Influential is a leading social data and brand activation company in that space; founded in 2014, it has raised millions to develop an IBM Watson-enabled social intelligence platform that identifies and matches influencers with campaigns. By applying AI to social media pix and posted photos, for example, an image can be broken down into its core components (background, specific colours, etc.) in order to learn just why the image got so many likes, and why it resonates with its followers, and how an influencer can best make use of that information.

In a company testimonial, Influential CTO Piotr Tomasik describes how Amazon’s recognition software (called Rekognition) is used in his company: “In addition to our in-house AI/ML algorithms, we partner with third parties to enrich our datasets in order to better facilitate influencer sourcing. Amazon Rekognition object and scene detection allows us to better segment our influencer population into specific verticals and topics based on what media they post alongside their social media content.”

Other third-party tools available to AI marketers can create and curate content, like the so-called smart software from Articoolo or Quill; there’s also AI-enabled packages to help create and deliver personalized email marketing content, like Boomtrain (recently acquired by SME supporter Zeta Global) or Phrasee, an ad and language generator powered by artificial intelligence.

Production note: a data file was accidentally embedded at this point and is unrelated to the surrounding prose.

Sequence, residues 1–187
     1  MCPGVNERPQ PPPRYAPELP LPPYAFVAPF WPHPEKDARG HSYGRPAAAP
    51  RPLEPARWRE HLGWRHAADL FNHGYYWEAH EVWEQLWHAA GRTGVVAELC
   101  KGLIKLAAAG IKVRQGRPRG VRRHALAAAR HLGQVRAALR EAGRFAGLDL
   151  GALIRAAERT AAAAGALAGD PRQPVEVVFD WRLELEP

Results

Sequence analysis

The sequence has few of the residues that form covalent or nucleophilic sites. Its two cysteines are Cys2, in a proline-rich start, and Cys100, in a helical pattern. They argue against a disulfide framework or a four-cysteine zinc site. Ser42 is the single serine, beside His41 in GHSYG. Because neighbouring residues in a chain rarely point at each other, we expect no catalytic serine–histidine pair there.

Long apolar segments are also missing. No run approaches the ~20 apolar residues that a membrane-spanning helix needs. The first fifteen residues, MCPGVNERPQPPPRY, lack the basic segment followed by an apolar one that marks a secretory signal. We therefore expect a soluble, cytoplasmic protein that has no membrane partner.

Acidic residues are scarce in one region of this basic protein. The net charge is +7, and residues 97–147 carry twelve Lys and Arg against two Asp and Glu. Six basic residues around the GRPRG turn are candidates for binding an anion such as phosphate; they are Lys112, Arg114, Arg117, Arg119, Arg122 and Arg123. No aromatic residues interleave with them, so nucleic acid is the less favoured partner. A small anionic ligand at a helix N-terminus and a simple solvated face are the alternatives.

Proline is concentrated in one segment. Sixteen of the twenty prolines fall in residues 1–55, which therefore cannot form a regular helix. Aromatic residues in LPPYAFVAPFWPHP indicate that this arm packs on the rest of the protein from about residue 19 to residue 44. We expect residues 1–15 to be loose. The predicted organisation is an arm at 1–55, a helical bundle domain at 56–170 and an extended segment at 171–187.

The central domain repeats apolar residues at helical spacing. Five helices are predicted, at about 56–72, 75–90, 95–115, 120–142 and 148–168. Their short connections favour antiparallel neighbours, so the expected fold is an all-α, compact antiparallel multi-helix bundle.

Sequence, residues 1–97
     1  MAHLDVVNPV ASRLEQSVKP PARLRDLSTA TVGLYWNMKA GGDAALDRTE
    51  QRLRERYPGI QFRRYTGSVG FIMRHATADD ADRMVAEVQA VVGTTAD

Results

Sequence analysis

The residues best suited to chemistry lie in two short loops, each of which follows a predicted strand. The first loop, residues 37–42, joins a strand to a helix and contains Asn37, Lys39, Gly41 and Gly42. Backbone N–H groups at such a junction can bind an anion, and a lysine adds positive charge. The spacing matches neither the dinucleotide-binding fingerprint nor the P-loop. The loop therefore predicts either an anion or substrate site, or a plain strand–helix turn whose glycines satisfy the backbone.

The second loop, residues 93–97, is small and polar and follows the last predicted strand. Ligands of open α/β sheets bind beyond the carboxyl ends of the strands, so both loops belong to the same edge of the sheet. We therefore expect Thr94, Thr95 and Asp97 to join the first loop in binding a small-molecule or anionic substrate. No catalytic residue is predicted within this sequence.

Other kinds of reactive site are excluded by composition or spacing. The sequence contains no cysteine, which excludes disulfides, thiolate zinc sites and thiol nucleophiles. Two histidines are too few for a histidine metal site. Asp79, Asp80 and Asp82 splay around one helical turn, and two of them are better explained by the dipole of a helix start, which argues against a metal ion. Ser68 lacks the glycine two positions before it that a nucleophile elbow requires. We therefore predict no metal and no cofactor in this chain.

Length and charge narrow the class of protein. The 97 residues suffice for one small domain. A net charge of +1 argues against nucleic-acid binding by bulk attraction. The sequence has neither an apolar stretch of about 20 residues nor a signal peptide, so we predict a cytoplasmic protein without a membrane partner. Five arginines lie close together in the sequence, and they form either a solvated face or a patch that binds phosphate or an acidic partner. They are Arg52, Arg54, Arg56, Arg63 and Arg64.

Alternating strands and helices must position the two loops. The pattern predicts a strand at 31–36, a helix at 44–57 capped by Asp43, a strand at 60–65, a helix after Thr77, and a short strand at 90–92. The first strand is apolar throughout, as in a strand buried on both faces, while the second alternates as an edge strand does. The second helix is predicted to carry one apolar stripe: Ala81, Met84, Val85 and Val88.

(As a senior marketing executive once told me, “It’s not about elocution…it’s about data!”)

Facebook and Google know that — big time. They’re not only using machine learning and artificial intelligence tools to gather and analyze more data ab out their users, they are developing them. Both companies are developing new tools to identify people who are most likely to take an advertiser’s intelligent advice and follow the desired action: buy now!

By using sophisticated AI algorithms and machine learning techniques to automate ad placement (not just placement but testing, tracking, adjusting, optimizing and learning better for next time), online marketers, social media influencers and brand managers can refocus their campaigns on an almost real-time basis, responding to as well as triggering new consumer interests.

Just as they can with artificially enabled simulations like Bermuda and Miquela.

CGI face and head surrounded by computer code

Artificial intelligence, machine learning, robotics, computer graphics: the latest weapons of the digital marketer are being brought to bear in the war to capture consumer eyeballs. In one survey of 1,600 marketing professionals, nearly two-thirds said that both artificial intelligence and machine learning will be the most important data initiatives next year. Another survey by Salesforce indicated that 51 per cent of marketers are already using AI and 27 per cent more are planning to use AI technology in 2019.  CC0 Creative Commons image.